Kota Kinabalu City Mosque was the highlight of my half-day tour of Kota Kinabalu (KK), capital of the Malaysian State of Sabah on the island of Borneo. The mirror image of the mosque reflected in its surrounding lagoon has earned it the nickname “floating mosque.” Knowing my tour would include a stop at an important Islamic religious site, I had dressed respectfully in long pants and short-sleeved T-shirt. Upon arrival, however, I found I had not dressed conservatively enough. Women are required to cover their arms from shoulder to wrist as well.
The issue of appropriate dress has recently been a hot topic of debate in Malaysian Borneo. In 2015 the Muslim community was enraged by a group of Brit, Canadian, and Dutch tourists who stripped naked and posed atop sacred Mount Kinabalu. In June, 2018, two Chinese tourists dressed in skimpy shorts climbed up on the low wall that surrounds the mosque and performed a syncopated dance while a friend videoed them. Soon after the video was published, management closed the mosque to the public while they decided how to handle the situation. It reopened on August 1st with new rules in place. All visitors must register at the front gate, where their attire is inspected. Those who are not properly dressed are now required to rent appropriate clothing.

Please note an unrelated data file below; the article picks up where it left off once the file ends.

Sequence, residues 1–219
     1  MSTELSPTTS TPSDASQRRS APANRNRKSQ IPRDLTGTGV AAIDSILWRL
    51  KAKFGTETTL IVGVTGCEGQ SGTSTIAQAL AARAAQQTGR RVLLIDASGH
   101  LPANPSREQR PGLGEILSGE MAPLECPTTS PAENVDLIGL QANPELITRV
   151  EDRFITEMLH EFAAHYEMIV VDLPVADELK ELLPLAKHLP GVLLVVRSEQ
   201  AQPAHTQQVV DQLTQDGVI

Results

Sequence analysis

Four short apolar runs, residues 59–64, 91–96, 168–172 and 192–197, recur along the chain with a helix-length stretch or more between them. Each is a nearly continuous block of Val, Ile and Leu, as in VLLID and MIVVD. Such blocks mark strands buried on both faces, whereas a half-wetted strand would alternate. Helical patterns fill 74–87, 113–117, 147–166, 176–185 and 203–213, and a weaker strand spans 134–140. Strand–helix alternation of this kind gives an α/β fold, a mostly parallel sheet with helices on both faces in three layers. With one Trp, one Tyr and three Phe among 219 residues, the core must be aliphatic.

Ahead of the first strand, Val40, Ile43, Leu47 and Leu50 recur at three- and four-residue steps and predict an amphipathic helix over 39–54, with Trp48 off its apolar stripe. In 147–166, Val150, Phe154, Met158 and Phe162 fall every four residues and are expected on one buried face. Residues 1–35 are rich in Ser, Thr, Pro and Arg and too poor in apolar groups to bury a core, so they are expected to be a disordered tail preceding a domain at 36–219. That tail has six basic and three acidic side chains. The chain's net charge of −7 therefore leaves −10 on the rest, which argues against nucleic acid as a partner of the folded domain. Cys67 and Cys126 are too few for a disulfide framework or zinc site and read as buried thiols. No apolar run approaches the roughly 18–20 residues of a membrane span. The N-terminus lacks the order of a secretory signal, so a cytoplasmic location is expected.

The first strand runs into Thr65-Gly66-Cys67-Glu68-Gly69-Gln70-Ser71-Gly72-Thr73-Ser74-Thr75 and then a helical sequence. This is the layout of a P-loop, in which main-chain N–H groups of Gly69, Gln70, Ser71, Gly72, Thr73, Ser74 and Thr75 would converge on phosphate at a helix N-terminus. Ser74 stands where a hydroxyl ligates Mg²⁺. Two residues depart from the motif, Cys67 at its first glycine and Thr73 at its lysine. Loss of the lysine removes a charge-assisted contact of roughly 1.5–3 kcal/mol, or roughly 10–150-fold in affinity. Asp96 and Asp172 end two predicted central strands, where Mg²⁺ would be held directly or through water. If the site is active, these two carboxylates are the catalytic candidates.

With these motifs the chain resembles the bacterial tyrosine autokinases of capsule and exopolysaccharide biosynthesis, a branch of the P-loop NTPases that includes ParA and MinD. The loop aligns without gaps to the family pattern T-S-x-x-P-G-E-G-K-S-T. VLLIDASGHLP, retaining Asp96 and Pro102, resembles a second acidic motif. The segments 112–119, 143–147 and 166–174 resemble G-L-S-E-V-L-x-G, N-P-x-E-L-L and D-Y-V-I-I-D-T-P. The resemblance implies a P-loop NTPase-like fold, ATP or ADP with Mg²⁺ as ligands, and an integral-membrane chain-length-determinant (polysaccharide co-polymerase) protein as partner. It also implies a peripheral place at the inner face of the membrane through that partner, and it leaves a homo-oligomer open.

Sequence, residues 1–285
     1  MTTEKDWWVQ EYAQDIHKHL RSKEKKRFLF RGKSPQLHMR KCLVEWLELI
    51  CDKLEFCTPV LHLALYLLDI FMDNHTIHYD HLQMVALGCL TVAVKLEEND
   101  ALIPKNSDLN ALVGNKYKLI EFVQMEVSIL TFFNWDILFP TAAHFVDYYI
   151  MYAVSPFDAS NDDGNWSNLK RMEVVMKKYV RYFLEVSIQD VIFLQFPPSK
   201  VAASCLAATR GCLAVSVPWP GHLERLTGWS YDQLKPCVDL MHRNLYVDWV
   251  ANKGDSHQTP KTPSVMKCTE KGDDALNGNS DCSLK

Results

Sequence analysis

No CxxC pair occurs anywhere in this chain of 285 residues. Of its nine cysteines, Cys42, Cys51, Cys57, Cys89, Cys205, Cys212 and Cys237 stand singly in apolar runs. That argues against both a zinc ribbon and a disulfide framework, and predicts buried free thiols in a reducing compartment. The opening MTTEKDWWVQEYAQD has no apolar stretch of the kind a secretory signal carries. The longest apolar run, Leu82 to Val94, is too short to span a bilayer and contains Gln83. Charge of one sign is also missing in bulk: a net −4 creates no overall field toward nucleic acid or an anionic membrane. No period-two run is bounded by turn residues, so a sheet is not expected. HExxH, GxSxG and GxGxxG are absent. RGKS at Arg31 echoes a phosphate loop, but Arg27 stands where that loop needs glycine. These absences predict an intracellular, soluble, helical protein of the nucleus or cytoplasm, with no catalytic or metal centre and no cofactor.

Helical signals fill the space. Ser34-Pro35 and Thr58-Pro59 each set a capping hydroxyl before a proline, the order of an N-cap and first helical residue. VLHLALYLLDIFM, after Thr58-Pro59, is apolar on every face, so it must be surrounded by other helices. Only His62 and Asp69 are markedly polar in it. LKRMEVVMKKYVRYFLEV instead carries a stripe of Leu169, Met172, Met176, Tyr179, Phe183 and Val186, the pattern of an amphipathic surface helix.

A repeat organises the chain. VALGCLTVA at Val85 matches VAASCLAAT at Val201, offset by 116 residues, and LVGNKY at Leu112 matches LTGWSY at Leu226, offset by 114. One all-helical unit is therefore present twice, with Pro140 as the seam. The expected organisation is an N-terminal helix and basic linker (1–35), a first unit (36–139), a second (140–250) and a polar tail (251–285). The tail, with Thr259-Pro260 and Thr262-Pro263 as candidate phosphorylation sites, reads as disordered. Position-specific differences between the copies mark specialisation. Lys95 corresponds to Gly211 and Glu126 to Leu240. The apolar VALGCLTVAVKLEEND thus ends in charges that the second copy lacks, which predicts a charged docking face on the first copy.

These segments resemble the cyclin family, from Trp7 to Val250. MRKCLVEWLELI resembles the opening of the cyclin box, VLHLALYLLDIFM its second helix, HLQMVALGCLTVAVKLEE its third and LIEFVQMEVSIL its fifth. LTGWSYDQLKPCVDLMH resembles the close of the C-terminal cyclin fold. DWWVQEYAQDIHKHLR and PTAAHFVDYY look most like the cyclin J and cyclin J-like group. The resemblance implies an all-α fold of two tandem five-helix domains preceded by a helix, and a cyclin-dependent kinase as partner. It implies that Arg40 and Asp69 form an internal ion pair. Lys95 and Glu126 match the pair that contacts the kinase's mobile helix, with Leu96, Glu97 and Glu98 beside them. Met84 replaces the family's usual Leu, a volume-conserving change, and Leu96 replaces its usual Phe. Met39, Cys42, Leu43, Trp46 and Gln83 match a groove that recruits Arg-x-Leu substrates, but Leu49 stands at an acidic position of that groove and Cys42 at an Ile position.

My short sleeves meant I had to don a tudung (headscarf that covered all my hair) and juba (long robe that covered me from my neck to my ankles). With temperatures hovering around 97 degrees and extremely high humidity, I was exceedingly uncomfortable. I made a cursory circuit of the interior, which was uninspiring. Then, faint from the heat, I walked back to the entrance as quickly as the heat allowed and peeled off the rented garments. I ended my visit with one more view over the lagoon, drinking in the mosque’s magnificent blue dome and four delicate minarets. For me, the true beauty of Kota Kinabalu City Mosque was its stunning exterior.